Appalachian Power to continue to rely on last two coal-fired plants

The latest Integrated Resource Plan (IRP) from Appalachian Power (APCo), filed on Dec. 30 at the West Virginia Public Service Commission, sees a long-term future with less coal-fired generation.

Appalachian Power is a unit of American Electric Power (NYSE: AEP) that has a service territory stretching from southern West Virginia into southwest Virginia.

The utility noted that this plan is not a commitment to specific resource additions or other courses of action, since the future is highly uncertain, particularly in light of current economic conditions, the movement towards increasing use of renewable generation and end-use efficiency, as well as current and future environmental regulations, including the EPA’s recently-final Clean Power Plan, which calls for 32% greenhouse gas reductions from existing power plants by 2030.

Also, APCo faced a number of other dynamic circumstances as it developed the assumptions and analyses outlined in this IRP. For example, on June 9, 2015, the Federal Energy Regulatory Commission (FERC) issued an order pertaining to PJM Interconnection’s recently proposed Capacity Performance construct, thereby providing guidance to PJM on its capacity market proposals. While the company incorporated its expectations regarding Capacity Performance into this report, APCo is still evaluating the FERC order, the full impact of which will not be known until tariffs are accepted by the FERC.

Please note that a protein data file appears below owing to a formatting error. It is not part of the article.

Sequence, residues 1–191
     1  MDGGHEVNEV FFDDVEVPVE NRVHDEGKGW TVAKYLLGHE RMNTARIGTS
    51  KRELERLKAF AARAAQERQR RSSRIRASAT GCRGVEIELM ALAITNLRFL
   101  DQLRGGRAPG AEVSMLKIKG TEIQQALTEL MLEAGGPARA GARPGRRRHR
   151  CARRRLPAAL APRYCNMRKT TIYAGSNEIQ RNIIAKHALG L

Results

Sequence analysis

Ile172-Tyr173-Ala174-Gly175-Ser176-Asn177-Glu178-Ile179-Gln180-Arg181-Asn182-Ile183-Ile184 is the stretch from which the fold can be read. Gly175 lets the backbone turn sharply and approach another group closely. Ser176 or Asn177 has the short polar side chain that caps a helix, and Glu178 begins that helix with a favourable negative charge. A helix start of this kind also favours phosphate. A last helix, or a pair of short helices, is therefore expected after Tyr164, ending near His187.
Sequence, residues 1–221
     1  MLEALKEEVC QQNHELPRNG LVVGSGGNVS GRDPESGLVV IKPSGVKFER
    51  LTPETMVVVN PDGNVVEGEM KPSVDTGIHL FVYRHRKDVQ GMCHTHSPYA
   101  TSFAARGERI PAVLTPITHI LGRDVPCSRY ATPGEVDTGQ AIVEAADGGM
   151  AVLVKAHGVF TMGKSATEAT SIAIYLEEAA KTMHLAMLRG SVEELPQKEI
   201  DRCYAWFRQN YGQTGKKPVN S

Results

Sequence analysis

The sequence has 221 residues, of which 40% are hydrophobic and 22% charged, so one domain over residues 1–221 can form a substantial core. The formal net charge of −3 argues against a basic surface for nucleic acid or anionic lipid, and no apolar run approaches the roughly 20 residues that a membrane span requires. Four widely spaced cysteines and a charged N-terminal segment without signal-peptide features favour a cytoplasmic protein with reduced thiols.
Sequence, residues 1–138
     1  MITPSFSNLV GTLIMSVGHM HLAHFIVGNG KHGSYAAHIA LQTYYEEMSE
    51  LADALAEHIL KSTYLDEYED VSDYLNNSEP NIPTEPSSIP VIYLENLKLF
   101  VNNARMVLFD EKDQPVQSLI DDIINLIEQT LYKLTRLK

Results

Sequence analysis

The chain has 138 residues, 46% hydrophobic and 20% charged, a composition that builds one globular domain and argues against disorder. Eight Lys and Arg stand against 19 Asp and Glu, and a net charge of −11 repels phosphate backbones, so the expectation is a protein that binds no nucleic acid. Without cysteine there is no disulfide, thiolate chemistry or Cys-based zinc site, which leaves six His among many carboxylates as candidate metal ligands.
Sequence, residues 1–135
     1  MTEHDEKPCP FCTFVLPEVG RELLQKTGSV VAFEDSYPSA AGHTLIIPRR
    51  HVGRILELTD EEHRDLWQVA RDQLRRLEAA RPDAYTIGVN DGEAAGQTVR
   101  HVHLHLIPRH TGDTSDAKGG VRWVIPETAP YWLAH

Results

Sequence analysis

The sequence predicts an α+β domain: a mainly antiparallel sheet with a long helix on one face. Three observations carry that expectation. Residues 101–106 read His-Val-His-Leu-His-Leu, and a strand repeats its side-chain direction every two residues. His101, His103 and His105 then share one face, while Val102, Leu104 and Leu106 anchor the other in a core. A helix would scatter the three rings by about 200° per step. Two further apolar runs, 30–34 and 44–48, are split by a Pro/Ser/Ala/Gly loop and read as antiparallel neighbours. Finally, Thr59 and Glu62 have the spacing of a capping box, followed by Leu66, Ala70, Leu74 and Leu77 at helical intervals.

The company noted that its next IRP, which is to be filed on on May 1, 2016, at the Virginia State Corporation Commission, is likely to reflect updated assumptions, analyses, and results. APCo is required to provide an IRP that encompasses a 10-year forecast period (in this filing, 2016-2025). Although only a ten year period is required to be reported, APCo’s modeling efforts encompass a 30 year analysis period in order to determine the long term impact of changes to APCo’s portfolio.